Gene Mutation Arrests Alzheimerâ€™s Disease
It is reported that nearly 30 million people in this world fight Alzheimer's disease. This number is expected to quadruple by 2050. Even though the researchers discovered rare gene mutation that is responsible but never found anything conclusive.
However, for the first time they have found the gene mutation that protects against Alzheimer's disease. This new finding has raised fresh hopes of treating the debilitating condition.
This new finding that was published in the Journal Nature, suggests that new drugs that mimic the mutation's effect could do the same.
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Dr. William Thies, chief medical and scientific officer of the Alzheimer's Association, a research and advocacy group said, "Less than 1 percent of the population has these alleles or DNA variants. So there's no impetus to go out and get tested. But many companies are working on compounds that target the mechanism they found and so might be encouraged by these results."
The presence of amyloid protein plaques in the brain detects the presence of Alzheimer's disease. And the gene for amyloid beta precursor protein (APP) plays a key role in formation of these plaques. This new study done by the researchers from Reykjavik, Iceland, found that a mutation in this gene may help protect against Alzheimer's disease and age-related mental decline.
Though this type is very rare, but the impact makes sure that there is at least 40 percent reduction in amyloid plaque-forming proteins. The study was conducted on people between the age group 80 to 100 years old without Alzheimer's disease and who carry this mutation, and also have better mental function than those without the mutation.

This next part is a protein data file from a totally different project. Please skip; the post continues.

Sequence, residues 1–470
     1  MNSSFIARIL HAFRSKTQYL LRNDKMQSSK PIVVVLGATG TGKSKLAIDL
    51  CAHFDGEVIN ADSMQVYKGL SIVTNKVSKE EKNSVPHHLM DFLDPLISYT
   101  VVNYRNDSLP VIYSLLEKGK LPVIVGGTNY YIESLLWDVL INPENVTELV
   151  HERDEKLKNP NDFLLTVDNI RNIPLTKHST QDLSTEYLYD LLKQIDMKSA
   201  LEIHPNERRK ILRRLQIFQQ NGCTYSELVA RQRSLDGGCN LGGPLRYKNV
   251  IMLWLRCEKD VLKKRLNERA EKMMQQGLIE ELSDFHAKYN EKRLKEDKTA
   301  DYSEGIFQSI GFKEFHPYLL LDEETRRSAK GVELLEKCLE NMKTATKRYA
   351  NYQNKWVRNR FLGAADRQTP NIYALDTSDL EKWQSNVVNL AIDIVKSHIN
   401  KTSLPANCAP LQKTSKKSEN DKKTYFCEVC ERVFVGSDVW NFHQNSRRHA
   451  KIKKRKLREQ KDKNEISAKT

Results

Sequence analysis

Sam Gandy, MD, PhD, Mount Sinai chair in Alzheimer's disease research at Mount Sinai School of Medicine in New York City said, "This is an extraordinary paper. This provides some of the strongest evidence ever that amyloid is the right target in Alzheimer's. Amyloid researchers the world over couldn't have asked for a better morale booster. This is a great gift to those at high risk for future development of Alzheimer's disease because this means our prevention trials are aiming at the right target. But, for those already suffering, this will have little benefit in terms of new drugs soon."
According to the Alzheimer's Association, "Alzheimer's disease affects memory and thinking. Symptoms usually develop slowly and worsen with time. One in eight older Americans has Alzheimer's disease, making it the most common type of dementia in the U.S."
While researchers are deeply involved in the new treatment, it is said that by bringing some changes in our lifestyle we can protect the brain and lower the risk of developing Alzheimer's disease. These include regular physical activity, excessive consumption of fruits and vegetables in diet and engaging in mental activities.
For the researchers now the strategy remains as to how to use new brain scans and other methods to find and treat people before they have symptoms of mental decline.